Experienced legal guidance is critical when securing the best possible future and well-being of your adult child with special needs. Niebler Pyzyk understands the unique challenges and concerns families face while seeking ongoing care and support for their loved ones. Our team of expert special needs planning attorneys specializes in developing the best plan for your family whether it involves powers of attorney, special needs trusts, or conservatorships. We are committed to providing comprehensive legal solutions tailored to your family’s needs. With our expertise and compassionate approach, we’ll help you navigate legal intricacies and move toward securing a stable future for your child and your family. Contact Niebler Pyzyk today to discuss your unique situation and take the steps towards peace of mind.
Powers of Attorney for Adult Children
When a child with special needs turns 18 years old, they legally become an independent adult even if they are not capable of living independently. As a parent, you will no longer have the legal right to make important medical, financial, educational and other decisions for your child as you did previously. Having powers of attorney in place is crucial to ensure parents can continue assisting and caring for adult children with special needs. There are two critical forms of powers of attorney.
A medical power of attorney grants parents the ability to make healthcare decisions for their child if he or she is unable to make those choices independently, ensuring vital medical care is not delayed or denied simply because the child is unable to effectively communicate his or her needs.
A financial power of attorney allows parents to manage finances, pay bills and conduct transactions on behalf of an adult child who is unable to make his or her own decisions.
Having these important legal documents proactively prepared ensures your child does not experience a lapse in care or support after they have turned 18. Even though a child with special needs may legally be an adult, persons with developmental delays, disabilities or other special needs may still rely heavily on the support of parental care, guidance and decision-making. Powers of attorney help bridge the abrupt legal gap that occurs when children with special needs reach adulthood.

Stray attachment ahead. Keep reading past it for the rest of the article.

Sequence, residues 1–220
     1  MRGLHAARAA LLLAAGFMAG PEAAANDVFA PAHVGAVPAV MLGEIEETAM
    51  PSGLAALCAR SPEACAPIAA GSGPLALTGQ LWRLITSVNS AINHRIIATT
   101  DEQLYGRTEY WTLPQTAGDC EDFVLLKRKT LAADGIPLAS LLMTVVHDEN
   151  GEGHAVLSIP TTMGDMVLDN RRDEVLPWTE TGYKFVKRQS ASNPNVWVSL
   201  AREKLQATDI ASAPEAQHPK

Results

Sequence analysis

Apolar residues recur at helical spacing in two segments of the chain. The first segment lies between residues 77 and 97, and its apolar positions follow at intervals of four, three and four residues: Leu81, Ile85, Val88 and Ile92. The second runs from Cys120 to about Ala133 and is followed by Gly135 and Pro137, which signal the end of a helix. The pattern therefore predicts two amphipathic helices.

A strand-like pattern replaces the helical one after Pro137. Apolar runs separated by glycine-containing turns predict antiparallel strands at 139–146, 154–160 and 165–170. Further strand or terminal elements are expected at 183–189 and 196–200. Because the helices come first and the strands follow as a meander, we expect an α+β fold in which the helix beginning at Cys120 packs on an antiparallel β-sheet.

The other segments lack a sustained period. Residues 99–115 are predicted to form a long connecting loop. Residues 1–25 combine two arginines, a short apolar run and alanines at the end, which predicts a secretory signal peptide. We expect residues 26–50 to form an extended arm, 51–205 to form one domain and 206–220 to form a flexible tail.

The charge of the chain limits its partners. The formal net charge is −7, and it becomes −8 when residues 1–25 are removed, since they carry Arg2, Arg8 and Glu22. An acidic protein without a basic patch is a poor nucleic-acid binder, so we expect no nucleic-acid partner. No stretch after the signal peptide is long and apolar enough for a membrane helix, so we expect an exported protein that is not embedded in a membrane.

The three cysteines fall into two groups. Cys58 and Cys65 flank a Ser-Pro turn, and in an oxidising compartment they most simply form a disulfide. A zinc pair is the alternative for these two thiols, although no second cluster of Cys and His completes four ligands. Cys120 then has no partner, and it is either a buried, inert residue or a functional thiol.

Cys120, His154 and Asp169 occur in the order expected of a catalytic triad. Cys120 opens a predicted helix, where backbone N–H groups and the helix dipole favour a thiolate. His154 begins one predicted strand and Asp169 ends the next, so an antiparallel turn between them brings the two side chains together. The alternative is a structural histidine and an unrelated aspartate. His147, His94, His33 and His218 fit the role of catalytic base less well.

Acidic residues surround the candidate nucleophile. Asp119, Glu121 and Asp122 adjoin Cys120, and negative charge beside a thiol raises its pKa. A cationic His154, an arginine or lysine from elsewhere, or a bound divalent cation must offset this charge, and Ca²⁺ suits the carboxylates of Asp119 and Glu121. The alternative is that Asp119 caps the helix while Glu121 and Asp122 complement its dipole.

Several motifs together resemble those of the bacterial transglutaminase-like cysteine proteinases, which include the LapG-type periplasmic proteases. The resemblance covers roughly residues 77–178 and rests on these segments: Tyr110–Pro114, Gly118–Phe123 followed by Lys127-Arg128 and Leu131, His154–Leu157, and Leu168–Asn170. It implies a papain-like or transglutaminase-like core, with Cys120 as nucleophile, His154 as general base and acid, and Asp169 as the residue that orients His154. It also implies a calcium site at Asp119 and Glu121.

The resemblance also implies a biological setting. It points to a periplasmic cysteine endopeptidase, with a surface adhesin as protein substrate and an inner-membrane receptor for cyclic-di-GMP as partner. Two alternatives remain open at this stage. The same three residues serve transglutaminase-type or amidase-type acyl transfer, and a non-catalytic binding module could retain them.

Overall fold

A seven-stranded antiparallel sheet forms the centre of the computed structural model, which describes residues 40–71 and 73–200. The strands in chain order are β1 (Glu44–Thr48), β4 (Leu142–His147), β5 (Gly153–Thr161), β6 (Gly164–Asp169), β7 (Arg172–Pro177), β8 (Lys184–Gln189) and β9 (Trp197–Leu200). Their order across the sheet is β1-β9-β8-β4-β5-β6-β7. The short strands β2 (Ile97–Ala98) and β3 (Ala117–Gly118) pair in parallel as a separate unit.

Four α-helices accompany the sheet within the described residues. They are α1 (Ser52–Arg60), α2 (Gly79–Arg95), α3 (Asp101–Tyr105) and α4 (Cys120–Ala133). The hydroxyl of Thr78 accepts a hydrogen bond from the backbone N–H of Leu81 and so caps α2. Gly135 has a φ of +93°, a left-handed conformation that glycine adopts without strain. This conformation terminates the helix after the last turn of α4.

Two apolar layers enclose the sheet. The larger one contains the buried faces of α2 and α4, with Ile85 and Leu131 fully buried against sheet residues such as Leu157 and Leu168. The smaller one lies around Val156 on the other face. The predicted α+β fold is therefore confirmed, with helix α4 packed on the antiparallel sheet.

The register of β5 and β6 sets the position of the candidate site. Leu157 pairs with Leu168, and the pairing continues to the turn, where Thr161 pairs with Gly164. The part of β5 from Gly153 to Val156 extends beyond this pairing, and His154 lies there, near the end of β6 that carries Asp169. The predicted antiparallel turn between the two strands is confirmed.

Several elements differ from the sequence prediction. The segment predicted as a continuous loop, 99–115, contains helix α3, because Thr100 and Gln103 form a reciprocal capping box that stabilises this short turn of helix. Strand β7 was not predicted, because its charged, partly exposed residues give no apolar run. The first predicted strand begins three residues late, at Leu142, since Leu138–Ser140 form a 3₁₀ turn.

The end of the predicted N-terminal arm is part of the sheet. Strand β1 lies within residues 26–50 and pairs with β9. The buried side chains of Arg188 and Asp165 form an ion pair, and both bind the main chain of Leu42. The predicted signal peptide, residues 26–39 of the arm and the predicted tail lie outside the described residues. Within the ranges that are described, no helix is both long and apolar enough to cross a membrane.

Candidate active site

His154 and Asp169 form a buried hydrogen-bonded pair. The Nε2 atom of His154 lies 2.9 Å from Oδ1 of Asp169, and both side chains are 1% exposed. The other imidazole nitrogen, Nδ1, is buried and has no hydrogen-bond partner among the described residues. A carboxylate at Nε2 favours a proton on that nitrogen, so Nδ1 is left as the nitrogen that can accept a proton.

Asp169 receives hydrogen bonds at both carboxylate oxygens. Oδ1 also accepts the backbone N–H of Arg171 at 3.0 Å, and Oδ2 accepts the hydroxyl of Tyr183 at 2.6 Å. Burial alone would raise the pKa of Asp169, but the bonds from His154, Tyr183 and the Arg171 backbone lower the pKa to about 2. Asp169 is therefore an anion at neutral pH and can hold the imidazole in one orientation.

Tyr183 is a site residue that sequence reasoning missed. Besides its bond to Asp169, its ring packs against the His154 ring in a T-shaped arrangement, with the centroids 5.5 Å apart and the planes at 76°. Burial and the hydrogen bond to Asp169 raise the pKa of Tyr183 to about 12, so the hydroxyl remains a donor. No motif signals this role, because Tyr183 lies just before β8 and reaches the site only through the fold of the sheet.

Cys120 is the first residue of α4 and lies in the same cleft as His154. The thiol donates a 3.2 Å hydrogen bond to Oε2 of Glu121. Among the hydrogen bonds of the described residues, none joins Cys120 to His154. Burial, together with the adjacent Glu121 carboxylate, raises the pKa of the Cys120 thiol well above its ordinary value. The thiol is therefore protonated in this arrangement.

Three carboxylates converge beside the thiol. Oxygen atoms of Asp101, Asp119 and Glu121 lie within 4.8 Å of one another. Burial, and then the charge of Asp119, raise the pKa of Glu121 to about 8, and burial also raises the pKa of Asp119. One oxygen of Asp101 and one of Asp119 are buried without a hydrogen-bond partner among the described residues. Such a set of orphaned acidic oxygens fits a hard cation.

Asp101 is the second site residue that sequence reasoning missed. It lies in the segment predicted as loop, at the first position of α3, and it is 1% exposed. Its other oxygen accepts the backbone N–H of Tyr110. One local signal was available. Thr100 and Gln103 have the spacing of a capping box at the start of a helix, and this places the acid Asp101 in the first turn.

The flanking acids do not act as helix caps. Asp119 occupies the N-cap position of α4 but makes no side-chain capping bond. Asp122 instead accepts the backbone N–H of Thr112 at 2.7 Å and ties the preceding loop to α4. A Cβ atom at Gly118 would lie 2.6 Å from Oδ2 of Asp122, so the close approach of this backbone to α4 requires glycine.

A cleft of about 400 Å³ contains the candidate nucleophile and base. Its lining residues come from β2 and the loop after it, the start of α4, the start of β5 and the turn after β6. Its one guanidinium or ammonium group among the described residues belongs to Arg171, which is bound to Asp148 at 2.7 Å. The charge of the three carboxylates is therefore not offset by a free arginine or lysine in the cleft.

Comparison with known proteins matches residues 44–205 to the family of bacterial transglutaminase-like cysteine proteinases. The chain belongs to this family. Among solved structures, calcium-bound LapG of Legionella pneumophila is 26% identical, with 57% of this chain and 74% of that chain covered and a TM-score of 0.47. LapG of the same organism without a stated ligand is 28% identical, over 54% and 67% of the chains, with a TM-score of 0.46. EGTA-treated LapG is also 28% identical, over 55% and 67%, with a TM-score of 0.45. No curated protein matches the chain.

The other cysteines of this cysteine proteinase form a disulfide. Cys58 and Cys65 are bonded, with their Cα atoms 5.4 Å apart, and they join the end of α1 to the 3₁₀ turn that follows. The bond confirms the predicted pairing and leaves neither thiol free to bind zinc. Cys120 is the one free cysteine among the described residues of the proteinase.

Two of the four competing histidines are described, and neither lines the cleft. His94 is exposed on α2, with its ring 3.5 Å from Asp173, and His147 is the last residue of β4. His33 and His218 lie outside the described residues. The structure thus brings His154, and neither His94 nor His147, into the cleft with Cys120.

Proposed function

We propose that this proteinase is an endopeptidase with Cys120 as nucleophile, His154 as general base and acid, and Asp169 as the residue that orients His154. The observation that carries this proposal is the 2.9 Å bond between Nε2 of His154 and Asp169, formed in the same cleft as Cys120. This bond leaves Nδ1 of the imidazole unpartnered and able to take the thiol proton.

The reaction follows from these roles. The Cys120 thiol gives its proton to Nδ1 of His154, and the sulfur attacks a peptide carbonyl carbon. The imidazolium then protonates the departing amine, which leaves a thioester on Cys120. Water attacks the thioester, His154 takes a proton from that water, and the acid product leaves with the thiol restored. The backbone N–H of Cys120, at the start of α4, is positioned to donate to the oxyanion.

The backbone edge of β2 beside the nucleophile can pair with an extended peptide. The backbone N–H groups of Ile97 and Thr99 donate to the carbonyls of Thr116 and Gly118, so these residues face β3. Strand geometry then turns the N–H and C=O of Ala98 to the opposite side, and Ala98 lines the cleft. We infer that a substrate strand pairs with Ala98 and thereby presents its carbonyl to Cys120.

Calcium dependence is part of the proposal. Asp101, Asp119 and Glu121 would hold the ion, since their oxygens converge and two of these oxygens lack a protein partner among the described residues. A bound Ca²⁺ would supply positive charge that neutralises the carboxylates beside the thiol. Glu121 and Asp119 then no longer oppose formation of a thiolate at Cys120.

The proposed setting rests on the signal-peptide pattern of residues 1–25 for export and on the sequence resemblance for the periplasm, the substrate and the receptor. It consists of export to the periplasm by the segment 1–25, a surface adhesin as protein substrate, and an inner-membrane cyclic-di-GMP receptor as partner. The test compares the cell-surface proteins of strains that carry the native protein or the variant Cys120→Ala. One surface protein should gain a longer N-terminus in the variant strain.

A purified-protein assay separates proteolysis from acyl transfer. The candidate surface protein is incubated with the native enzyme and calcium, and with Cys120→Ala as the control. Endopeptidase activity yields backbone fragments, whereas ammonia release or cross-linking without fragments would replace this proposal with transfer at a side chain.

Conservatorship vs. Powers of Attorney
A conservatorship is another form of legal arrangement in which someone is granted the ability to make decisions on behalf of a legal adult. While the role of a conservator can be similar to a power of attorney, there are some significant differences.
- A conservatorship is an involuntary judgment in which someone is given decision-making power by a court, while a power of attorney is voluntarily given by the principal.
- A conservatorship can only be terminated by the court, while a power of attorney can be terminated by the principal as long as he or she remains in sound mind.
- An individual who has been assigned a conservator in Wisconsin is referred to as a ward. The ward cannot override the conservator’s decisions. A principal who has created a power of attorney, however, can still make their own decisions as long as they remain mentally competent.
- A conservatorship is created after the ward is found to be incapacitated or unable to make their own decisions, while a power of attorney is ideally created prior to incapacitation.
If you have questions about conservatorships or creating a power of attorney, contact Niebler Pyzyk. We’ll guide you on your best steps and help you determine your best course of action for the safety of your adult child with special needs.
Supplemental Needs Trusts
A supplemental needs trust is a third-party trust, meaning the trust is funded by a third party for the benefit of an individual with disabilities. There are no age limitations for the beneficiary to establish or fund a supplemental needs trust, and there is no reimbursement of benefits requirement with a supplemental needs trust upon the beneficiary’s death.
Niebler Pyzyk has extensive experience setting up trusts to protect your loved one’s public benefits while also providing for his or her supplemental needs. We understand the critical differences between special and supplemental needs trusts and will assist you in providing for your family’s unique situation.
Pooled trusts are a type of special needs trust used to allow beneficiaries with disabilities to shelter assets without losing eligibility for needs-based government programs. Pooled trusts are managed by non-profit organizations, such as WisPACT and Life Navigators in Wisconsin, and the funds do not count toward asset limits for benefit programs such as Medicaid or SSI. Individuals with disabilities may be able to use a pooled trust in order to access supplemental funds without losing their needs-based government benefits.
Milwaukee's Premier Special Needs Planning Attorneys
Contact Niebler Pyzyk to discuss your or a loved one’s eligibility for access to a pooled trust. We have extensive experience setting up trusts to protect your loved one’s benefits while providing for his or her supplemental needs. We understand the critical differences between special and supplemental needs trusts and will assist you in providing for your family’s unique situation.
We serve the greater Milwaukee area from our convenient Menomonee Falls location including Waukesha, Brookfield, Glendale, Mequon, Germantown, Grafton, Cedarburg, Wauwatosa, Hartland, Pewaukee, Sussex, Oak Creek, New Berlin, Oak Creek, West Allis, West Bend, Port Washington & the surrounding communities.